Italy does not realize this. Happy to dominate with their small teams, proud of the small city culture, does not invest in structures, does not build upon the domination of a time in which it won 5 of the 10 Champions Cup of the decade. Entering the 90s, there will be big investments in Rome, Treviso, Bologna, but the League will not follow and the powerhouses of the time will crumble down under their own weight, with a league that is unable to follow them and make clear choices, thus allowing other countries to climb the ranking and pass over it.

There will be good teams, and great teams. Virtus Bologna would win the Euroleague in 1998 and 2001, Benetton will get to the final 4 as well as Fortitudo. But these teams grow isolated. The economic crisis will dig under the rich owners of the teams, a hole in which the dreams of Italian basketball will follow the economic ones.

Montepaschi will reach the F4 twice, but, it will be discovered later, its victories were built upon a foundation of financial wrongdoings and tax cheating, that will forever dirt them.

It may be misleading read such a long story from the perspective of a hand under a basket-ball. Maybe we risk to give too much importance to this wonderful man, that seemed too thin to play top level basketball, but that, despite his complexion, was able to stay there for almost a decade.

As he received the ball in the fast break, Forti lifted it up, as Meneghin and Mc Adoo were pursuing him. The ball went up, hit the backboard and fell into the basket as the two Olimpia players threw Forti against the hurdles.

The crowd roared, it was like an explosion. The Olimpia players left the court as the fans invaded it. Roberto Premier, the forward of the Milano team, left late and was involved in a brawl, from which he did not retreat, as his fighting spirit drew him to it. Kevin Restani, a retired and beloved Livorno player, embraced him and took him to the locker room avoiding further damage.

The fans gathered under the basket, lifting Wendell Alexis to cut the net as the traditional sign of victory. Livorno had won. Their hearts were free. The kings had lost their crown. The weight of the Olimpia Milano team on the Italian basketball could be levied.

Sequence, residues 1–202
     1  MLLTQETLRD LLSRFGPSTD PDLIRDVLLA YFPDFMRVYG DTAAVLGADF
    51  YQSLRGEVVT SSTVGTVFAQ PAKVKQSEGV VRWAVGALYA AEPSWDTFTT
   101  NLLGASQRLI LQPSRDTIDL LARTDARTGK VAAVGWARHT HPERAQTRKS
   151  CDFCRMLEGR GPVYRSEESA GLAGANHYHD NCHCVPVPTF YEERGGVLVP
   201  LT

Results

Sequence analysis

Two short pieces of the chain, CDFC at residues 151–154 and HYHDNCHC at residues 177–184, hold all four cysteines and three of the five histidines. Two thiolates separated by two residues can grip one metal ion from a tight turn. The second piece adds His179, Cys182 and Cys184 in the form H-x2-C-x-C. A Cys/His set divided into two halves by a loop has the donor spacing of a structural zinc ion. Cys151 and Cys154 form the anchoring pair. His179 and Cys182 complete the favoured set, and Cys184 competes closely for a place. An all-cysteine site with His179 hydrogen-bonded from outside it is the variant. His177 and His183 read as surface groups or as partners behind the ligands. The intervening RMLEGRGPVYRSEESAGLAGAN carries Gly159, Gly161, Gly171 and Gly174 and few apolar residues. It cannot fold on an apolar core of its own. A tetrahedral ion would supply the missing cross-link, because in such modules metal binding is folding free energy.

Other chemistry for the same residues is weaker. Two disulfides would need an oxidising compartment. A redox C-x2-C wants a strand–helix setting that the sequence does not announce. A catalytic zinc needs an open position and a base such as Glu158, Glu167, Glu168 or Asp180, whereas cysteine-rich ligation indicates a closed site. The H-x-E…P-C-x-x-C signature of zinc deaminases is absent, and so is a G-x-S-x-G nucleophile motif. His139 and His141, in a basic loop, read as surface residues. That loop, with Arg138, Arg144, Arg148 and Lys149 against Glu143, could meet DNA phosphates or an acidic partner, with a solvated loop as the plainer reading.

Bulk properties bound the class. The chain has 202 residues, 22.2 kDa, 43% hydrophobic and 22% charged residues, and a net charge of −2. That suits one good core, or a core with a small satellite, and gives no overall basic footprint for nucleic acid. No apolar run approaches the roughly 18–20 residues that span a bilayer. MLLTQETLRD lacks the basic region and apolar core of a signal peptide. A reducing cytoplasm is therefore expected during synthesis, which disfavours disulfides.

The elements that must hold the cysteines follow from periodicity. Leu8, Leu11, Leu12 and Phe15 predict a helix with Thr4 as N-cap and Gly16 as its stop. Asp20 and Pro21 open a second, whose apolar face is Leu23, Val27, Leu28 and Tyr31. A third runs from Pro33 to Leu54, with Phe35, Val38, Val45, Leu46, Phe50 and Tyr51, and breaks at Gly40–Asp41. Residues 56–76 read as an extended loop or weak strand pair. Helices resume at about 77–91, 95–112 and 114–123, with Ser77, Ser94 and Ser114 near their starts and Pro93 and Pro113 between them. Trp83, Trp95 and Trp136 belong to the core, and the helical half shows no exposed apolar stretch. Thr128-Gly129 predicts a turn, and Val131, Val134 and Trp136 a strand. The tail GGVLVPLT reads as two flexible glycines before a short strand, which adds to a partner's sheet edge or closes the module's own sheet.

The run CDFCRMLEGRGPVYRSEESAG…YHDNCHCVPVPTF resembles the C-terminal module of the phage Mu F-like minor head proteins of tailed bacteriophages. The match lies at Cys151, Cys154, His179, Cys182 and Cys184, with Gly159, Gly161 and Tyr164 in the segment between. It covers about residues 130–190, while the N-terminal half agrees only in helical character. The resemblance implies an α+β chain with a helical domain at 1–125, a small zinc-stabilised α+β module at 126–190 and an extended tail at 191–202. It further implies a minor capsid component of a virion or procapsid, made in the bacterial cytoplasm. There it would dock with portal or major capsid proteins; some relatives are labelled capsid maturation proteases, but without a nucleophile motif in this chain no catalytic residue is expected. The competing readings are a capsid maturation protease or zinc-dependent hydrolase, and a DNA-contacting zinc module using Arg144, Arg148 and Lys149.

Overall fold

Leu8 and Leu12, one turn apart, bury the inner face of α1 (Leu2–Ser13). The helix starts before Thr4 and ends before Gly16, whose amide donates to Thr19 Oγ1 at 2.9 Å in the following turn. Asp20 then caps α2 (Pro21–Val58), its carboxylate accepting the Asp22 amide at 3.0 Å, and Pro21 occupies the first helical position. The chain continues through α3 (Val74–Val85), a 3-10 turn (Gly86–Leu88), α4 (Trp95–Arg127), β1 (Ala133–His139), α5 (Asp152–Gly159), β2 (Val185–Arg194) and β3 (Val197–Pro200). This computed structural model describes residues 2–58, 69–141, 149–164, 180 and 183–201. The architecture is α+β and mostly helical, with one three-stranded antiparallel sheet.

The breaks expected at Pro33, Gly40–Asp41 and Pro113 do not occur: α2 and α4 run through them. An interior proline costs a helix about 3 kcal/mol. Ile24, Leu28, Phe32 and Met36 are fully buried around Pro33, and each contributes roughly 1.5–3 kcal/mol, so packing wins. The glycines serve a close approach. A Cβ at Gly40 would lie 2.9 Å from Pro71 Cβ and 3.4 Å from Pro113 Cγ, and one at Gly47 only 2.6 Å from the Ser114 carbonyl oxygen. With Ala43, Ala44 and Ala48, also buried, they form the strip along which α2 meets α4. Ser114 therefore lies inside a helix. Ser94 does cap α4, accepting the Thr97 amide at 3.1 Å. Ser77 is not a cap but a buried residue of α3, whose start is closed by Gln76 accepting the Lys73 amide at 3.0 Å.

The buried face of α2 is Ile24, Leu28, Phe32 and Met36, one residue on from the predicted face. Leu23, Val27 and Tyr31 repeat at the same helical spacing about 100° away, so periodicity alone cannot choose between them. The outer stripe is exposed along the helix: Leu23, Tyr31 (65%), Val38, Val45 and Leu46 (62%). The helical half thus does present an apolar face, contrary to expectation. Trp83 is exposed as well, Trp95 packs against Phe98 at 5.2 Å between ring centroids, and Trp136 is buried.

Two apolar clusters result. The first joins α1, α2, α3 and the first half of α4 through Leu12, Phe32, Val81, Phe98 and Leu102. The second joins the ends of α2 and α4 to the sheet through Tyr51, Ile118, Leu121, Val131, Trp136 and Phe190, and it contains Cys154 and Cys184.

It took about a half hour before the people realized what had happened. The referees had not validated the basket and Livorno had lost, 88 to 87, against Milano.

Nobody will ever understand the despair the crowd felt. Something like Brazil 1950, when Uruguay unexpectedly won against the home team in Maracanà Stadium. In that case, the cornerstone of the Uruguay team was a tough midfielder, Obdulio Varela, that, though he was not the leading scorer or the classiest player, embodied the heart of it. Like Meneghin, like the winning players who hate the spotlight, Obdulio led Uruguay with his tactical intelligence and his grit.

It’s hard to imagine what it means to ruin a party, a carnival, a celebration that would have been the greatest in the history of Livorno.

After reviewing the basket, the Livorno players and fans were sure it was valid. Using the technological means of the time, the crews could not decide whether it was good or not. Though the referees always said it was not, for the Livorno players and fans that basket has always been valid, and the 1989 title, officially awarded to Milan, is actually a Livorno title in their heart.

Andrea Forti himself has come to terms with it. Like it or not, he’s gone through it and now sees it in retrospective as a part of his life, washing through the bitterness a renewed soul.

For us it’s odd to think that the first Milano player to go backwards to defend, at 38, was Dino Meneghin. After 9 Italian titles, 7 Euroleagues and countless other wins, he still couldn’t give up, as though an inner beast made him fight to the end. Dino played ferociously until the very last second of his basketball life, and after that season he played two more, becoming the first player to face his son on the court.

Andrea Forti’s effort became more than a losing one. Andrea’s jump high to the basket came to embody the effort of the everyday man who does not give up, against the stronger will of the gods. He didn’t give up until the very last, and maybe something more, and though he’s on the losing side, in a way he’s won, remaining in the memory more than the winners.

This is the destiny of the losers, in retrospective, to remain in the heart more than the winner does. Though the winner gets the respect, he seldom gets the love. Some weakness helps to draw sympathy.

Though it is not the weakness we love in Andrea Forti’s gesture, it’s the pure feeling of fighting until the end, to desire the victory so much that you’d break the limits of time, to see it coming in some form. Because you realize that you’ll never be there again, while others have always been, like Dino Meneghin, like Mike D’Antoni, and even after 20 years they can fight and stand until the end, since they are more used to the highest mountains.

Because they won and lost countless times and hold victory and defeat at the same level. While you have never won and this fight burns your hands with a desire that undermines your capacity to fight at the best.

And this is the difference between winning and losing.

Share.